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The History of Skepticism

In Search of Consistency

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Renata Zieminska

This book reconstructs the history of skepticism ranging from ancient to contemporary times, from Pyrrho to Kripke. The main skeptical stances and the historical reconstruction of the concept of skepticism are connected with an analysis of their recurrent inconsistency. The author reveals that this inconsistency is not a logical contradiction but a pragmatic one. She shows that it is a contradiction between the content of the skeptical position and the implicit presumption of the act of its assertion. The thesis of global skepticism cannot be accepted as true without falling into the pragmatic inconsistency. The author explains, how skepticism was important for exposing the limits of human knowledge and inspired its development.

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Introduction

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This book is an attempt to recreate the history of a current of thought that, for centuries, was called skepticism. It is also an attempt to present the current state of research on skepticism, focusing on the most recent interpretations of the works of ancient skeptics and contemporary positions in debates over skepticism. This book belongs to two disciplines of philosophy: the history of philosophy and epistemology. In pursuing both these lines, a historical reconstruction of the most important skeptical stances, ranging from ancient times to contemporary times, is connected with their assessment, particularly in terms of their consistency.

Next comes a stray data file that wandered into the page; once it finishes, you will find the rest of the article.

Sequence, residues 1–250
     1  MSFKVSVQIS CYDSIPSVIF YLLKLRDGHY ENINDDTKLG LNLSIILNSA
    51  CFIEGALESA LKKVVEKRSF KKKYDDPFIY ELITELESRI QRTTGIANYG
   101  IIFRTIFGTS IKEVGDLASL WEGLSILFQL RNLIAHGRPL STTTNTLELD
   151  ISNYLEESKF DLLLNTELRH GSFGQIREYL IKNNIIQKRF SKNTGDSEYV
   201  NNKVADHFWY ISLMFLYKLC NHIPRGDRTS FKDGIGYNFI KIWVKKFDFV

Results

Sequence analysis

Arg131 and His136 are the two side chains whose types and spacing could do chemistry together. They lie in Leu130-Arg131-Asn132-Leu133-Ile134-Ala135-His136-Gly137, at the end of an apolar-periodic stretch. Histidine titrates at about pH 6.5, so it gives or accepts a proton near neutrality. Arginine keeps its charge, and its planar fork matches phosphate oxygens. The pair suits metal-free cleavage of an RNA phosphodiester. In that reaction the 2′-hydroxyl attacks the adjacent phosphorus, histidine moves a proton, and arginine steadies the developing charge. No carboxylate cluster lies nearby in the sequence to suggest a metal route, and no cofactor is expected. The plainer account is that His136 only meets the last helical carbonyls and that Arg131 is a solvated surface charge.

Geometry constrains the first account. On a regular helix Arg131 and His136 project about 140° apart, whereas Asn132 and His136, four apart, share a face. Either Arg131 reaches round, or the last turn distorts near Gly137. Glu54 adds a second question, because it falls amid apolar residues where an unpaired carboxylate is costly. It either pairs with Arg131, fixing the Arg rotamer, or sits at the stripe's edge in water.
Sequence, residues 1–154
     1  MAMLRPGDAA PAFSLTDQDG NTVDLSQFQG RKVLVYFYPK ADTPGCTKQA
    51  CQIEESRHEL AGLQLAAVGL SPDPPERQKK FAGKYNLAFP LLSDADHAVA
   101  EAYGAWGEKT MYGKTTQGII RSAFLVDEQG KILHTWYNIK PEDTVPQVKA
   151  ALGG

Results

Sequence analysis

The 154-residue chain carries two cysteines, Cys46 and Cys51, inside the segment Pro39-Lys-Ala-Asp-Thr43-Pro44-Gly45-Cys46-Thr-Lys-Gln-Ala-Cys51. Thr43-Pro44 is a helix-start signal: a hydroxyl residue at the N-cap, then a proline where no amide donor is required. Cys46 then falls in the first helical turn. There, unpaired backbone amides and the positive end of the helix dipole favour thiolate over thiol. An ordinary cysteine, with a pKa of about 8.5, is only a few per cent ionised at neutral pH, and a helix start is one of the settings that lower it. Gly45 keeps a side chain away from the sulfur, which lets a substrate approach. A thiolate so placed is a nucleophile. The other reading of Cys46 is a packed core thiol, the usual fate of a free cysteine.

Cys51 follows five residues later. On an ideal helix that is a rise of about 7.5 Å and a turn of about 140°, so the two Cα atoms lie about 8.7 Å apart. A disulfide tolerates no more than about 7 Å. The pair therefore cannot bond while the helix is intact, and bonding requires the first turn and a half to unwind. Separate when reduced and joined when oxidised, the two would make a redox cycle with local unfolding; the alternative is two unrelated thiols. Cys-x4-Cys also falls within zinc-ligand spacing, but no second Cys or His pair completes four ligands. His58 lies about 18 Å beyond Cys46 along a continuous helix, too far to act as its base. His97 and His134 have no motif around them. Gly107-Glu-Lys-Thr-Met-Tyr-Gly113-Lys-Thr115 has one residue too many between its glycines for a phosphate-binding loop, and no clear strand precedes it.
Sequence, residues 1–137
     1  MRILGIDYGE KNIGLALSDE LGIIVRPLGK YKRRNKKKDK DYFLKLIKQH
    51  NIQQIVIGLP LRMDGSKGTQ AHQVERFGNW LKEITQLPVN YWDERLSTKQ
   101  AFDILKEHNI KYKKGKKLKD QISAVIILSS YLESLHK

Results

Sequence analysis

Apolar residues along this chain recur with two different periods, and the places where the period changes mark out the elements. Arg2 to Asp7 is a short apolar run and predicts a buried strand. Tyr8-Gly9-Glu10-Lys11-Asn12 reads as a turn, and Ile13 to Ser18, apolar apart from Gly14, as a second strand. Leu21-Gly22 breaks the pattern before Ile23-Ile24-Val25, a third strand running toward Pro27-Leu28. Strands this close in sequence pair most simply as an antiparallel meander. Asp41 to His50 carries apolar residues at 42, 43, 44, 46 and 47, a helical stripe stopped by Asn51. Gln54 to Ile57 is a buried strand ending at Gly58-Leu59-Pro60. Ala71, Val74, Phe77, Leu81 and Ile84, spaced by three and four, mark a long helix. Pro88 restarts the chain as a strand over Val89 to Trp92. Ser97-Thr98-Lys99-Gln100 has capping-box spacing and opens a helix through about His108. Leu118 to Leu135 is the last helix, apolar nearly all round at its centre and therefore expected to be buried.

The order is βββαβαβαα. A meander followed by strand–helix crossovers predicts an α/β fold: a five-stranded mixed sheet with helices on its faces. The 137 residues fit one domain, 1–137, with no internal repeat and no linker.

The skeptical stance is most easily expressed by the thesis “knowledge does not exist.” This particular thesis of global skepticism played an extremely significant role within the history of philosophy, but is also the position most likely to be attacked for a lack of internal consistency. If knowledge does not exist, how can we know, or prove this fact? Skeptics, who were not willing to keep quiet and stood by their skeptical view, were forced to search for answers to this accusation. Ancients differentiated between theory and practice, that is, between theory and situations where one could be guided by probability (Carneades), and/or appearances (Sextus Empiricus). Modern thinkers pointed to other ways of learning about the world, ways outside of intellectual investigation, such as faith (William Ockham, Michel de Montaigne) or instinct (David Hume). That was their way of searching for a possibility to continue their skeptical...

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